THEATER REVIEW: Arsenic and Old Lace 

Tricks and Treats: Flowertown Players find local talent and then revel in daffy fun

Arsenic and Old Lace
Oct. 9-11, 16-18, 8 p.m.
Oct. 12 and 19, 2 p.m.
$17-$20
James F. Dean Community Theatre
133 S. Main St., Summerville
(843) 875-9251
www.flowertownplayers.org

In some ways, community theaters are to professional equity theater what farm teams are to major league baseball.

It's a place to groom talent, experiment with new things, and provide a lot of entertaining bang for the buck.

And yet, a community theater does more, because it draws cast and crew directly from our own communities and redefines, in the original and best possible sense, the term amateur — someone who participates in something for the love of doing so.

By providing adult acting classes, director workshops, and the like, community theaters tease out surprising, hidden talent among our friends and neighbors.

Actors, directors, playwrights, stagehands, and set designers each have a shot at polishing their skills before a live audience.

Their enthusiasm quickly becomes our enthusiasm.

Flowertown Players in Summerville have been reaching into the local talent pool for more than 30 years. This level of experience shows. Particularly when they bring an old favorite like Arsenic and Old Lace to the stage.

Joseph Kesselring's wickedly twisted screwball comedy revolves around two quirky spinsters, Abby Brewster (Marty Mayer) and Martha (Jane Hodge Batten) who pass their days in 1940s Brooklyn devoting themselves to charitable works in their neighborhood.

Deciding that it would be a waste to let vacant rooms remain empty in the rambling old house they inherited from their brother, the sisters occasionally take in boarders. They cannot help but notice the loneliness of the older, unattached men that fate brings to their door.

Together, they devise their own prescription for this sad condition. That's when things get — well, lively. At least for their nephew Mortimer Brewster (Adam Miles), who almost literally stumbles onto the results of his aunt's charitable efforts.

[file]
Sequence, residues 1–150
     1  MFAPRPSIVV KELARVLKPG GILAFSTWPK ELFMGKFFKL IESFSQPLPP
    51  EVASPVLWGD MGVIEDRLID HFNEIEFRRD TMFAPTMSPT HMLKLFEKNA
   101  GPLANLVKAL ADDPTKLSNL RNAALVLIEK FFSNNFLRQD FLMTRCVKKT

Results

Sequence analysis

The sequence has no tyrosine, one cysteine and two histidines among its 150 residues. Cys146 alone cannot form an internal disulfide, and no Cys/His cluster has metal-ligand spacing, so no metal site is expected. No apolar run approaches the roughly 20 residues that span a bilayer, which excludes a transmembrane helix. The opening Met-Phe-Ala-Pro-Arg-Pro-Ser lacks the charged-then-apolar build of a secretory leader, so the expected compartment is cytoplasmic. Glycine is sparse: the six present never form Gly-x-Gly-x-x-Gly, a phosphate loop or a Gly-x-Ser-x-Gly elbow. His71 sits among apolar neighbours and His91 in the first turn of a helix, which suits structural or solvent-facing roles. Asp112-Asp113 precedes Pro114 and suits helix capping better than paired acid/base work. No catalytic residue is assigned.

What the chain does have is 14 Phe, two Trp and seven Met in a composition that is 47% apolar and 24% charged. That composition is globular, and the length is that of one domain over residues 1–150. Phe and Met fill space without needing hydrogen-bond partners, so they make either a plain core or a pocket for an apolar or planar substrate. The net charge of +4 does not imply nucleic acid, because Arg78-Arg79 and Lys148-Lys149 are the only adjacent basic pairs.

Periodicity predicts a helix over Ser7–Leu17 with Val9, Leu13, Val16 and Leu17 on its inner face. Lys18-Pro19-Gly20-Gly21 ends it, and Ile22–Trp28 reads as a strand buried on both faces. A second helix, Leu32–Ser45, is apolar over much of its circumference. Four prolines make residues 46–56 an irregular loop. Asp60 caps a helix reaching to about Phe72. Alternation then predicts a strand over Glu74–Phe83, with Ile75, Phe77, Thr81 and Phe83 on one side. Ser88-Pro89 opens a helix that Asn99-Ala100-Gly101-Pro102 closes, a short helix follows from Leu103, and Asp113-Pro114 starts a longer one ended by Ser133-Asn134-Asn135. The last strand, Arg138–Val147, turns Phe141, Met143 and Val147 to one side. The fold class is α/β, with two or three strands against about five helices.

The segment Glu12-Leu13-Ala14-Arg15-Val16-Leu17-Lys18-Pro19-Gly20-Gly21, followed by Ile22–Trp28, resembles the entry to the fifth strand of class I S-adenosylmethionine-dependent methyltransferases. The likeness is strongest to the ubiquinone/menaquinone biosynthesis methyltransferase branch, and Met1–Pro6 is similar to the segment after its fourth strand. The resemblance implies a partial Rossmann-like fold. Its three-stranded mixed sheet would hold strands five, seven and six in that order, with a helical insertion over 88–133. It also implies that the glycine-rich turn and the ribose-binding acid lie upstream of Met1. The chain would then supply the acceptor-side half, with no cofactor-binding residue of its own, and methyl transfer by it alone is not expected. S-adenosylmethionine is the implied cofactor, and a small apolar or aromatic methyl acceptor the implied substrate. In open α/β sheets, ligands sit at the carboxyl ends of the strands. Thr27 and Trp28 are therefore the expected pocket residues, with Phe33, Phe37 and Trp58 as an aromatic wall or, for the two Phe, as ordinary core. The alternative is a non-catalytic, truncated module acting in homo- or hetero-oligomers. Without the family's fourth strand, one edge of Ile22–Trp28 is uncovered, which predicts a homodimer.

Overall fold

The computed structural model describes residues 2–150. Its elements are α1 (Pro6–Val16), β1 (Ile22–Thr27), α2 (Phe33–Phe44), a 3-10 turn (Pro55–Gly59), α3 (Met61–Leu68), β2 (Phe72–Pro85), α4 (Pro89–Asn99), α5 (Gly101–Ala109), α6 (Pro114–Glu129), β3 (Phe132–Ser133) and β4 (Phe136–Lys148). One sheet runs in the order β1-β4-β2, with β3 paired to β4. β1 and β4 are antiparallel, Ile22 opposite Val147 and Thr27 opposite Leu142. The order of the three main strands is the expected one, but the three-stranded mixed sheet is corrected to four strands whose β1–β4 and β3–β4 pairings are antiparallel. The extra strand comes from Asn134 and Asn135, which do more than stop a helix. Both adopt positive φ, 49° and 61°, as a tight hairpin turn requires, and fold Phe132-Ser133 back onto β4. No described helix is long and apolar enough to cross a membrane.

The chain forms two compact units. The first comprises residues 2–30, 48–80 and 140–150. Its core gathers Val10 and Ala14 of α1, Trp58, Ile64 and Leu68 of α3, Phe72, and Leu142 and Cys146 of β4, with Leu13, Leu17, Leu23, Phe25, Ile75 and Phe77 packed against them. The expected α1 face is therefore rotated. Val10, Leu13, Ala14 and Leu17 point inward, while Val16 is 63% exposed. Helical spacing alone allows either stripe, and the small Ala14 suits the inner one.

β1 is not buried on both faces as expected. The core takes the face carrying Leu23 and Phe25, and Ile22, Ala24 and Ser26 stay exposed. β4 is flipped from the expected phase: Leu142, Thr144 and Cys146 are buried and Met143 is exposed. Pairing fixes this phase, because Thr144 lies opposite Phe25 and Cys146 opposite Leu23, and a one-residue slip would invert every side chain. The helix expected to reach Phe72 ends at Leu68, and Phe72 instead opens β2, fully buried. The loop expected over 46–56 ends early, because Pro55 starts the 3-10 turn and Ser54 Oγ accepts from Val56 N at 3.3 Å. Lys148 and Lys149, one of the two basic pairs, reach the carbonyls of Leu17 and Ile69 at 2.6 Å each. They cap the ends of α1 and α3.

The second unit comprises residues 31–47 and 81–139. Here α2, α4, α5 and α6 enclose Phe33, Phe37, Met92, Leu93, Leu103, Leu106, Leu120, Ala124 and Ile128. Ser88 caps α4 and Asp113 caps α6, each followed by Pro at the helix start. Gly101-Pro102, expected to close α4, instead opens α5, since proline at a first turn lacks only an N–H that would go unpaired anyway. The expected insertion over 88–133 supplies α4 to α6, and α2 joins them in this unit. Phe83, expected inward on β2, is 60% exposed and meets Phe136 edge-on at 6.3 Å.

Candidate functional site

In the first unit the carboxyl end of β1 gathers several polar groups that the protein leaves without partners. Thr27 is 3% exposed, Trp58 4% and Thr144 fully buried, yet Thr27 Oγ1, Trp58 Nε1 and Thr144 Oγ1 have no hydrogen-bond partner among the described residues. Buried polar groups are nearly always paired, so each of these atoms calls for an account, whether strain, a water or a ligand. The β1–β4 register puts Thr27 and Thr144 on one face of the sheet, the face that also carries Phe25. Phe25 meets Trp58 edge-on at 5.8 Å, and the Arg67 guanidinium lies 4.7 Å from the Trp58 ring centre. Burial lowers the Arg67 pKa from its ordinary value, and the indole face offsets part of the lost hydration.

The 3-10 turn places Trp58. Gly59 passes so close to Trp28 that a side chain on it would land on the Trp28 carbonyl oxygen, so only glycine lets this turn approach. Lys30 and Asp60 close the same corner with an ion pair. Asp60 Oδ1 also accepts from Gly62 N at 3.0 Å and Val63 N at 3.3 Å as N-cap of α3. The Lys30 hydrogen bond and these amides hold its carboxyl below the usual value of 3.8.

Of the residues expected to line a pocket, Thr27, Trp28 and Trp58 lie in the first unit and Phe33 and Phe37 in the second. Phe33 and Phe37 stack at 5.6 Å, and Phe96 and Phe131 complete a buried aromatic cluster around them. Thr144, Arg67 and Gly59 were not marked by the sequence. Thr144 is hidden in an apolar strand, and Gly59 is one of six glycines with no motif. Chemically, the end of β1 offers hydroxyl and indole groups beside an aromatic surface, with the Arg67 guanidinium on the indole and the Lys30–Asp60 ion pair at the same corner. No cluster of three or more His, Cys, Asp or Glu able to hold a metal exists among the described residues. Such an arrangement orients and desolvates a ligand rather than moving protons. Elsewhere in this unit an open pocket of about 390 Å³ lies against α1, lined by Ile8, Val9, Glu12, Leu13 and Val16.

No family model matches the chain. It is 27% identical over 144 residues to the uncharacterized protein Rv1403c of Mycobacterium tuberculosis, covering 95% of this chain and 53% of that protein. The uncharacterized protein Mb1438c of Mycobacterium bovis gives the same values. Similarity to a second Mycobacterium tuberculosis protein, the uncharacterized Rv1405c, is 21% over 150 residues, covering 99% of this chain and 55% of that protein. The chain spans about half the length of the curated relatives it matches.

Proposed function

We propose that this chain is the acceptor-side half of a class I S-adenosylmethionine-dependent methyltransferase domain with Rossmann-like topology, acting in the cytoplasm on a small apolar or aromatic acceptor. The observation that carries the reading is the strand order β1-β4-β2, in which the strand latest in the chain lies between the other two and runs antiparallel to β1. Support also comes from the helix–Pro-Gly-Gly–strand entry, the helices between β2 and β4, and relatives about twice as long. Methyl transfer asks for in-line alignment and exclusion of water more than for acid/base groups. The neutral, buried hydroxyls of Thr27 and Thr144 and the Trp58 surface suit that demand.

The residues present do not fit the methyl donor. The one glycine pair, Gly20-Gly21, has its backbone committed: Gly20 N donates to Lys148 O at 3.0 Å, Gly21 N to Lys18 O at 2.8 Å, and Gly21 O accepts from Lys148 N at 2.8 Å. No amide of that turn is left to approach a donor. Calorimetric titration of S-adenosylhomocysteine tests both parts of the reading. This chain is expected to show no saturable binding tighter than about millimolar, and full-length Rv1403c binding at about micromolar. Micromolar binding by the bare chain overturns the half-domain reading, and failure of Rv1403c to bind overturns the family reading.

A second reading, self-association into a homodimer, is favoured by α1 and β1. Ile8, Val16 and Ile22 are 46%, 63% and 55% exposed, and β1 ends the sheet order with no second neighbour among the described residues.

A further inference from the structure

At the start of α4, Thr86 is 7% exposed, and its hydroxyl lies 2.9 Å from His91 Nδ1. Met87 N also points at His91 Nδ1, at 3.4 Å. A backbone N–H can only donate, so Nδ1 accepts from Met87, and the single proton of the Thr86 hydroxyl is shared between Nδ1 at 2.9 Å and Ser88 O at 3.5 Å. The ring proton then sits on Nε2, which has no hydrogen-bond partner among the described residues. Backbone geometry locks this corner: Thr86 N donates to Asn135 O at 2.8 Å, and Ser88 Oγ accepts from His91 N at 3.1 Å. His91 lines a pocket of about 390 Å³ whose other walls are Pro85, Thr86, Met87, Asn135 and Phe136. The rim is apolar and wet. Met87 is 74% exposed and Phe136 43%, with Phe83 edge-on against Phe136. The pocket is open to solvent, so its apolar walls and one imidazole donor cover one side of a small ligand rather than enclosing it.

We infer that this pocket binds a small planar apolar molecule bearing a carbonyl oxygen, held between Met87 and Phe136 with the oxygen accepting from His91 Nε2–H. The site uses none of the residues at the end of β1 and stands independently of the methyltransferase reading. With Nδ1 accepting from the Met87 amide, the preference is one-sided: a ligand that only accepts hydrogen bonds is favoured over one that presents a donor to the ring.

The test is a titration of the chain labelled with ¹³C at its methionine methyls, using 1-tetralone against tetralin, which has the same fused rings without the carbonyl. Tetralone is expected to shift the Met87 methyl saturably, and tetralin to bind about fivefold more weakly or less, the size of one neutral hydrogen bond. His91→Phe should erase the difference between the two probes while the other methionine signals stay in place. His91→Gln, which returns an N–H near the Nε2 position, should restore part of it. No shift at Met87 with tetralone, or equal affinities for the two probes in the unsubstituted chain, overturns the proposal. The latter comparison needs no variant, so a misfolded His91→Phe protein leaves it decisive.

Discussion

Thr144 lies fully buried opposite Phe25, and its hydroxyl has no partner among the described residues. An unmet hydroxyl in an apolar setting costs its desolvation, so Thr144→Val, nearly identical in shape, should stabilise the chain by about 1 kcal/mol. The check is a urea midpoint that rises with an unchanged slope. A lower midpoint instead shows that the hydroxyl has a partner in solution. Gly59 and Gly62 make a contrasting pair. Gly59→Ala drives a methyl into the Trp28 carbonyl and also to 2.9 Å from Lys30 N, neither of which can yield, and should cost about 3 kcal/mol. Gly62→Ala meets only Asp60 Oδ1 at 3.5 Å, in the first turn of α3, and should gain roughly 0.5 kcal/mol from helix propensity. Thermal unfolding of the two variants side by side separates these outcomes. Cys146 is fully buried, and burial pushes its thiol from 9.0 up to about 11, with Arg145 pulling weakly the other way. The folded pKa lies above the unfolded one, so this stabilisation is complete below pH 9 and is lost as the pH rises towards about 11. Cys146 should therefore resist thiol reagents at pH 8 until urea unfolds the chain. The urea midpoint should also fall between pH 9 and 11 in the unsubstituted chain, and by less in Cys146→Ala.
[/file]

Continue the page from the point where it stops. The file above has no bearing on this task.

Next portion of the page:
Life in the Brewster home, already complicated, gets even more so quickly. Mortimer's brother, Teddy (Kevin Crafton) thinks he's President Theodore Roosevelt and disturbs the neighbors with his bugle-charges up the stairs at all hours.

Mortimer, a drama critic and confirmed bachelor, finds himself in love with the girl next door, Elaine Harper (Corinne Tyo). As the daffy madness running in the Brewster blood becomes more evident, Mortimer despairs of his wedding plans to Elaine. Can he, in good conscience, doom this poor girl to life with a potential madman?

In the great tradition of screwball comedies, still more complications are in store.

Mortimer's criminally insane brother Jonathan (Barry Schafer) lands on the doorstep. On the lam from the law, wearing a new face (vaguely reminiscent of Boris Karloff) courtesy of his plastic surgeon crony Dr. Einstein (Peter Regalbuto), the pair of them arrive in Brooklyn dragging along yet another corpse.

It's a mercy that none of the law men in the play seem to grasp what's happening all around them.

Flowertown Players provide an entirely entertaining production here.

With standout performances spread among the cast and a good comedic pace throughout, the evening is bound to please anyone who fondly remembers the classic black-and-white comedies that ran on Saturday afternoon television.

It's great fun, and the actors romp around the impressively designed stage set with infectious glee. All in all, Flowertown's Arsenic and Old Lace deserves kudos for giving us a charming, eye-opening look at an old favorite.

A perfect Halloween treat.

Location


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